Making a success fee offer in no way affects how I go about my work, that is surely what real professional ethics are all about. Where a client is seeking funding on what I consider to be a long shot, I say that and explain why it is a long shot, what the fee is and that the fee is payable regardless of whether he or she gets the funding.
The client can then choose whether he or she has a punt on the long shot. Contrast this to the majority of the local competition. They will generally quote a fee, but not on a fixed price basis like mine. They will very often then attempt to charge more than their quote. They do this regardless of whether the client had a good lending proposition or a rubbish one - some of them in my view probably don't really understand the difference, or won't at least discuss the overall lending proposition first with a broker in order to understand what the proposition is.
The second type of accountant simply takes the fee. My sort of accountant actively discourages clients from entering into loan applications and spending fees with myself and other parties where there is only a remote propsect of success.
Lots of accountants attempt to persuade clients from spending money on futilities, contingent fees do not make you more ethical or less ethical, but they open you up to looking like you might just be a crook.
But in the case of a business plan a third party is going to rely on your work to make their decision to lend or not. It is not difficult to see that your appearance of being independent and or objective might be damaged if you charge on a contingent basis.
The objective will be to get the loan and the fee, whether the figures are right or not will be secondary. Having read through the OP post again and looking at the posts after mine, I have condsidered that the decision on contingent fees would depend on what point the accountant gets involved. If this is at the very start, then I would imagine the client would not have any reliabile figures in which to provide the accountant.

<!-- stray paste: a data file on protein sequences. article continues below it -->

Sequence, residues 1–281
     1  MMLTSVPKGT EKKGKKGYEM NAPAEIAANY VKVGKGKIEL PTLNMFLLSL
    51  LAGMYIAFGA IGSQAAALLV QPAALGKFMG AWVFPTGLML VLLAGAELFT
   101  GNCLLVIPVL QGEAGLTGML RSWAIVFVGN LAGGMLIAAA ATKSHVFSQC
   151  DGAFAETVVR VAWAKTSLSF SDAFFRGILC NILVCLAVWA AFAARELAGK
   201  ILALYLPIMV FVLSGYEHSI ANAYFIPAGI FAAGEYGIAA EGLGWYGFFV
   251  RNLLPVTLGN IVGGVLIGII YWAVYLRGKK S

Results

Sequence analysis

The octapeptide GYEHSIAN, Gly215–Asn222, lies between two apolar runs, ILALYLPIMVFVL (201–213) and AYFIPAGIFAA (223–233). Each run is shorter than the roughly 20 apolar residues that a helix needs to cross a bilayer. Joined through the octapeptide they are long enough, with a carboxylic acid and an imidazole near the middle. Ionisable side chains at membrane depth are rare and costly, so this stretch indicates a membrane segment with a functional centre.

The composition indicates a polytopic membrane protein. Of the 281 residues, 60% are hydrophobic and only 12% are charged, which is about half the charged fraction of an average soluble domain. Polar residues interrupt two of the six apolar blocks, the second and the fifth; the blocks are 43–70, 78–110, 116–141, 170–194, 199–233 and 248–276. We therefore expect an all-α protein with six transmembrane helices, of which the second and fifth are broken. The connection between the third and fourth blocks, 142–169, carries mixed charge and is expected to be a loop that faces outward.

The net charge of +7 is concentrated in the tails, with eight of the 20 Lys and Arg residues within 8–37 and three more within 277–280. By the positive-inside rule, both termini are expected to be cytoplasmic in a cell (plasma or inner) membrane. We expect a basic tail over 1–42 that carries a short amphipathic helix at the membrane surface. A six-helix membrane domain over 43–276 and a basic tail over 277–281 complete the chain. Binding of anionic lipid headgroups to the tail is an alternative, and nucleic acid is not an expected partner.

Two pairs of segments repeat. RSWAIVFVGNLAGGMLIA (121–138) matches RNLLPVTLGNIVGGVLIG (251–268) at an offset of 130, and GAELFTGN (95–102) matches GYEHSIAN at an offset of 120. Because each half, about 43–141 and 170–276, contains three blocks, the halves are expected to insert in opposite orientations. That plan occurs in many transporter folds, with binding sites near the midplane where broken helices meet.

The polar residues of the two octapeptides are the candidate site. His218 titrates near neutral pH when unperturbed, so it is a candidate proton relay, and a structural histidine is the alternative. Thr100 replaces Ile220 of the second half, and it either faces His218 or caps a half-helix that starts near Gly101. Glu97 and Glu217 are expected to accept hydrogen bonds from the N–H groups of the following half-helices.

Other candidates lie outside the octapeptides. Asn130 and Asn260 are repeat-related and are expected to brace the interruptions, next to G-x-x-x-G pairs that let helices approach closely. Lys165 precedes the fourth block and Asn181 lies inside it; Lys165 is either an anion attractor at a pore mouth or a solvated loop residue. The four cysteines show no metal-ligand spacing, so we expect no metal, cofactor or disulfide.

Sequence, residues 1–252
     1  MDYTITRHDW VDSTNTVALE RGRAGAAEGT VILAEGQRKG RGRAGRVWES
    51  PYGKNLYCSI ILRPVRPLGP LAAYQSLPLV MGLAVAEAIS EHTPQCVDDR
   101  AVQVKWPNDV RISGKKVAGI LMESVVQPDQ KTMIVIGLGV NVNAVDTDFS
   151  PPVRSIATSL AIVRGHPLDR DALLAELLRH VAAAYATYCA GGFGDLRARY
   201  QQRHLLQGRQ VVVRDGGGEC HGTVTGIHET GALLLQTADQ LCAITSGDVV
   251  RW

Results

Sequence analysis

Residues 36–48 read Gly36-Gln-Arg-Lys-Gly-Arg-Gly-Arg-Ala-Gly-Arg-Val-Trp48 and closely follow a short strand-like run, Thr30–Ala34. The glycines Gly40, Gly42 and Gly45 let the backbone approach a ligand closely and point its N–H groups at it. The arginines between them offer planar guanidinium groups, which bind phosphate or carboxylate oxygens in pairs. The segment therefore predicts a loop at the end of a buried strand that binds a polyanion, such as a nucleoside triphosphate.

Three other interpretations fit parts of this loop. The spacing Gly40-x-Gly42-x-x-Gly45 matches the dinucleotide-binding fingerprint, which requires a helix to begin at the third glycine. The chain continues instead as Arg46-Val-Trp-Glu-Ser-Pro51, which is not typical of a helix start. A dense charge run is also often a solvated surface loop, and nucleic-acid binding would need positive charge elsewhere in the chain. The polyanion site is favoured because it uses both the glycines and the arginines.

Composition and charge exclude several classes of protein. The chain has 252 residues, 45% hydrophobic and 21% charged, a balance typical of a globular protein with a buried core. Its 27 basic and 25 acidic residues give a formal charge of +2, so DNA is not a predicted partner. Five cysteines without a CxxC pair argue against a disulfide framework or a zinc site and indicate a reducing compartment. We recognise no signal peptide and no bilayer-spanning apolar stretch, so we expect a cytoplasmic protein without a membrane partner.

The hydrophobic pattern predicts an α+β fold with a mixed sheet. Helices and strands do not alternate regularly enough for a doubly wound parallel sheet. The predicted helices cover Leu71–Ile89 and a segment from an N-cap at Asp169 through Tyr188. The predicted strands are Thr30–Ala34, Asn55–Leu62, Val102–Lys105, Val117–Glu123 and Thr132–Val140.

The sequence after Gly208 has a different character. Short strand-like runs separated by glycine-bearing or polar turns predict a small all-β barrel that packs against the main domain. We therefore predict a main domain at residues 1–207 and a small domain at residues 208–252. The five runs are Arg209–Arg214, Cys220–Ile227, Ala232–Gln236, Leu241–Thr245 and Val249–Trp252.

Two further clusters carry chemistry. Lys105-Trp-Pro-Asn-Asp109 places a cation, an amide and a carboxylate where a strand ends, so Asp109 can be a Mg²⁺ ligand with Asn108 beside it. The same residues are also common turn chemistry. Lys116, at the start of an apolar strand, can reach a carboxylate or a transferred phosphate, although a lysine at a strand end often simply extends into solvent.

Therefore the client would not know what funding was either required or suitable. The more work undertaken to determine the viability of the figures the more you would need to charge and the more you could perhaps justify that your PI would be safer!?!
So in this case a contingency price could work, but so could a cheap and cheerful cash flow, or something imbetween. In the OP's post, it was suggested that the client is not a dreamer and wanted a fair bit of input.
This to me would suggest that there isn't at present enough meaninful figures to produce a cheap and cheerful cash flow or to decide on the best type of finance required for this project. This is why I commented that I do not understand how you can work backwards, but can only work forwards. Because if the only reason the accountant is involved is to effectively sign something off, then perhaps it is time for the bank to understand that those accountant's certificiates are worthless.
Having said this, this would mean that the banks would perhaps have to be a bit more professional in their approach to work as well! Latest Any Answers Documents from one accountant to another..
Previous agent estimated figures. He is fairly wealthy and not a "dreamer", having been in business before. I got on pretty well with him, and felt I had established some rapport. The best laid plans etc etc.. Focus on the value add Try to persuade him of the value and additional input he's getting from you.
He doesn't want the plan Zara - first, this is why you should always ask a what his budget is b give options and c find out who else he has spoken to and what they have suggested.